5 Corporate governance best practices that will benefit your company
In short, corporate governance or board governance is the standard of rules that allows organisations to ensure that they are serving the needs of their shareholders, stakeholders, management team and customers effectively and responsibly. However, included in this is that they are running the company in a way that meets the company’s short and long-term goals.
Best practices apply equally to new corporations as they do to well-established ones. Best practices for corporate governance apply to large companies, small companies, public companies and private companies. They even apply to nonprofit organisations and other entities.
Governance practices of the right size will have a positive impact on corporate performance in the long run. Nevertheless, organisations must form and carry out those that comply with both their specific needs and legal requirements. Listed are 5 major best practices of corporate governance every board of director can implement which is beneficial for every organisation.
Boards should include members with diverse backgrounds and skill sets. Board members should hold each other accountable for giving board duties adequate time to thoughtfully address important matters and decisions. The board should continually work to develop its members’ knowledge in the area of corporate governance. Boards should collaborate with management, using their expertise to broaden perspectives and analyze decision-making.
Boards should have a composition that incorporates all of the necessary skills and abilities to make sound decisions for the corporation. Board directors must have implicit trust in each other so that board discussions are productive, even when debates are long and wrought with many strong opinions. Board directors, board committees and the whole board should participate in annual self-evaluations to identify their strengths and weaknesses.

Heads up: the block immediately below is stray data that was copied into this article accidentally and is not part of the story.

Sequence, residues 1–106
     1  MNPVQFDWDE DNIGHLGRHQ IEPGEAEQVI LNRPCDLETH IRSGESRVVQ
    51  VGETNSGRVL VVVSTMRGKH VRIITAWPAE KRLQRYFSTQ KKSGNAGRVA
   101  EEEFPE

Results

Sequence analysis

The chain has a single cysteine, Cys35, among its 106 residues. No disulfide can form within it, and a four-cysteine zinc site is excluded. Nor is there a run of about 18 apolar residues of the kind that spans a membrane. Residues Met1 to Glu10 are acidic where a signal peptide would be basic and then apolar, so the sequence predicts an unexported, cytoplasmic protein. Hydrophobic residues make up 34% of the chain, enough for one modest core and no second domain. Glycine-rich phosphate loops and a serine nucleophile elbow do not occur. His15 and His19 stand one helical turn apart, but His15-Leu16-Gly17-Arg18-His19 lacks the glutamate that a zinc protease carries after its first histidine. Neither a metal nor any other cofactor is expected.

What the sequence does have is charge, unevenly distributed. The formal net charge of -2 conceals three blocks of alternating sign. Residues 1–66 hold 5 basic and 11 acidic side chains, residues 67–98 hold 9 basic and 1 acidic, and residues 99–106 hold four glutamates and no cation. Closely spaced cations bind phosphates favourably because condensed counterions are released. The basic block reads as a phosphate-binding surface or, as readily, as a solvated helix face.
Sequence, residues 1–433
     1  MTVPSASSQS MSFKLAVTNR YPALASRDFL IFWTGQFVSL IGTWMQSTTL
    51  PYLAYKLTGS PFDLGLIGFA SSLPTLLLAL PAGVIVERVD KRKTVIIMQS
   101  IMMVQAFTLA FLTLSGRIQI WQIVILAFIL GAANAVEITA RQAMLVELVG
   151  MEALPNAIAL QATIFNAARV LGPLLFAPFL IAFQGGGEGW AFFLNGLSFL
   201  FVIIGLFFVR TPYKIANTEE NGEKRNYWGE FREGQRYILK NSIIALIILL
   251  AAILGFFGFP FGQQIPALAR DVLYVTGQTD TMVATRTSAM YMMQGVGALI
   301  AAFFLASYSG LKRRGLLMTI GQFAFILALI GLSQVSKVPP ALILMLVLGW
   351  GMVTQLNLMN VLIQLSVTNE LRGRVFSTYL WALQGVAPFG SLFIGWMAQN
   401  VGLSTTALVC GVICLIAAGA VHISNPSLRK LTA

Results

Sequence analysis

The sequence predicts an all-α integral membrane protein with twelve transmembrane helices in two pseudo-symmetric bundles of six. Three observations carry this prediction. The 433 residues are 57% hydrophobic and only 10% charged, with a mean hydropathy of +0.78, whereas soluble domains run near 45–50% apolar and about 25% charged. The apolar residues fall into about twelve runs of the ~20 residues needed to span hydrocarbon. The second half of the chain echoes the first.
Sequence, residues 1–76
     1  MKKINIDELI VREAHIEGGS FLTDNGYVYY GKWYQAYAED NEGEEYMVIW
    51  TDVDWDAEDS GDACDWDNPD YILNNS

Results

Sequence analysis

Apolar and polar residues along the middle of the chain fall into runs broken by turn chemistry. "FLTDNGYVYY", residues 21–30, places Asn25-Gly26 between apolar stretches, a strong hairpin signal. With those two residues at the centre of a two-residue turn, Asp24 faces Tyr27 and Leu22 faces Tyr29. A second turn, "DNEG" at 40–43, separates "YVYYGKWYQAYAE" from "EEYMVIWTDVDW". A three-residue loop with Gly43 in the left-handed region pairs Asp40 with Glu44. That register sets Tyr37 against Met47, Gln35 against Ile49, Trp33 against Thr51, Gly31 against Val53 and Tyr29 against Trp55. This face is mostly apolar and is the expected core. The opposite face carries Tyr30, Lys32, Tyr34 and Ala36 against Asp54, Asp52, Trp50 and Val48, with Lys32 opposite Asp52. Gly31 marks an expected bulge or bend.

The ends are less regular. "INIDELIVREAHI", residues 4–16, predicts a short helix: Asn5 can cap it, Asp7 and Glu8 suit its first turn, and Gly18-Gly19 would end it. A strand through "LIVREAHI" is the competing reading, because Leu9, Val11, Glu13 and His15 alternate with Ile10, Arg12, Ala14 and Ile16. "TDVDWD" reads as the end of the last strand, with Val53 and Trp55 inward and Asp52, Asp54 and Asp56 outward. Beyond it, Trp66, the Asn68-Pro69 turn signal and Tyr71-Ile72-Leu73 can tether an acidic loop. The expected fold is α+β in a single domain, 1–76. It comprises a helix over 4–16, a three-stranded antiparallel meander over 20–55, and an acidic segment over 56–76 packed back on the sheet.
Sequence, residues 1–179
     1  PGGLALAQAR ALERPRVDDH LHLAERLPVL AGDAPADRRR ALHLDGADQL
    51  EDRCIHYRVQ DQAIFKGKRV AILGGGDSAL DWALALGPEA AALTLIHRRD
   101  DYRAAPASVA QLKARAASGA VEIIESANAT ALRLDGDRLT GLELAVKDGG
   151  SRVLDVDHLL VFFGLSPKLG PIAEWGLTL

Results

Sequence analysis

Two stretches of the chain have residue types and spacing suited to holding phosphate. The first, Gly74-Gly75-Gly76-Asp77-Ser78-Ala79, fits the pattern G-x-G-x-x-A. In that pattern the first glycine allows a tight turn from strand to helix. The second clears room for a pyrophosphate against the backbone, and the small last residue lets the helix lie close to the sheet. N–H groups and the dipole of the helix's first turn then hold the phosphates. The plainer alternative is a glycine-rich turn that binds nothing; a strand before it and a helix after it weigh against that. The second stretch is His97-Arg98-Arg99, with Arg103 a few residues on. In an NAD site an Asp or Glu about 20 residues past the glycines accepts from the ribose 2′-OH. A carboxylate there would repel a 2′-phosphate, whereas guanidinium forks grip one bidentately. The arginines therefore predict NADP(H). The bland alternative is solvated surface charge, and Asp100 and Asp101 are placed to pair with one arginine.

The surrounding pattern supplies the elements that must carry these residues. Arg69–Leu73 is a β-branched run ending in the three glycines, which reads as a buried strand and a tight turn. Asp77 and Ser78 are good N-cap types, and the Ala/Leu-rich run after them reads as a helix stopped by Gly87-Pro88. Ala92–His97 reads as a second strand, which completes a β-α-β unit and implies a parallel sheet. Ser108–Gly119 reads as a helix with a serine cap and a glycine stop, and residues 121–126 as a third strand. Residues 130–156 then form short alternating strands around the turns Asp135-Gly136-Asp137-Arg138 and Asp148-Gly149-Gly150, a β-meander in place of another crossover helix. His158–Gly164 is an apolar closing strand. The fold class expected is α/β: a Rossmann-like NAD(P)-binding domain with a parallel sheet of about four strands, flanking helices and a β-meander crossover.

Maintain an unambiguous line of accountability among the management, Executive Officers, Chair and Board.
Board directors stand as the voice of the corporation. As such, they’re often called on to make public presentations. Board directors must consider their fiduciary duties whenever they speak for the corporation. The best nominees are people with a high level of ethics, honesty and integrity in their speech, their works and their relationships with people.
Boards should have a clearly stated conflict of interest policy and ensure that board directors declare all conflicts of interest and refrain from voting on such matters. Boards should also institute policies for whistleblowing and reporting noncompliance.
Best practices for accountability include making decisions about the correlation between attracting the most talented board nominees and offering them enough compensation to make board work worth their while, but without creating a conflict of interest. It’s generally preferred for board committees to manage and oversee board director remuneration.
Companies should regularly identify and assess the risks they face, including financial, operational, reputational, environmental, industry-related, and legal risks. Potential risk should be carefully weighed with the potential return on investment. They should also build an internal framework that flags existing and potential risks.
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